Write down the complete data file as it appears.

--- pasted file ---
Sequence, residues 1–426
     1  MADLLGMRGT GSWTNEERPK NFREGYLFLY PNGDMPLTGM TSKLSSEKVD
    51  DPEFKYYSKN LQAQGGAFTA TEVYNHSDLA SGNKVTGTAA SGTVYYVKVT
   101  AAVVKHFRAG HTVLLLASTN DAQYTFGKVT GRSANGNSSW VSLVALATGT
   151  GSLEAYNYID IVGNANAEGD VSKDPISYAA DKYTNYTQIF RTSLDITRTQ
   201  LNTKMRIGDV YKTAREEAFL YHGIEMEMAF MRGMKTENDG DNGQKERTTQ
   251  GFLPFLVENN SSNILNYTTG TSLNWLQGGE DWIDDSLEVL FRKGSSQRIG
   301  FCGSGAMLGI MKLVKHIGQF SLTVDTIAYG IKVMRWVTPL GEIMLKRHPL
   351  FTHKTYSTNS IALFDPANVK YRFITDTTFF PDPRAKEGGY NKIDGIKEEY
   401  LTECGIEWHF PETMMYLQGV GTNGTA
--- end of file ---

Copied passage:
Sequence, residues 1–426
     1  MADLLGMRGT GSWTNEERPK NFREGYLFLY PNGDMPLTGM TSKLSSEKVD
    51  DPEFKYYSKN LQAQGGAFTA TEVYNHSDLA SGNKVTGTAA SGTVYYVKVT
   101  AAVVKHFRAG HTVLLLASTN DAQYTFGKVT GRSANGNSSW VSLVALATGT
   151  GSLEAYNYID IVGNANAEGD VSKDPISYAA DKYTNYTQIF RTSLDITRTQ
   201  LNTKMRIGDV YKTAREEAFL YHGIEMEMAF MRGMKTENDG DNGQKERTTQ
   251  GFLPFLVENN SSNILNYTTG TSLNWLQGGE DWIDDSLEVL FRKGSSQRIG
   301  FCGSGAMLGI MKLVKHIGQF SLTVDTIAYG IKVMRWVTPL GEIMLKRHPL
   351  FTHKTYSTNS IALFDPANVK YRFITDTTFF PDPRAKEGGY NKIDGIKEEY
   401  LTECGIEWHF PETMMYLQGV GTNGTA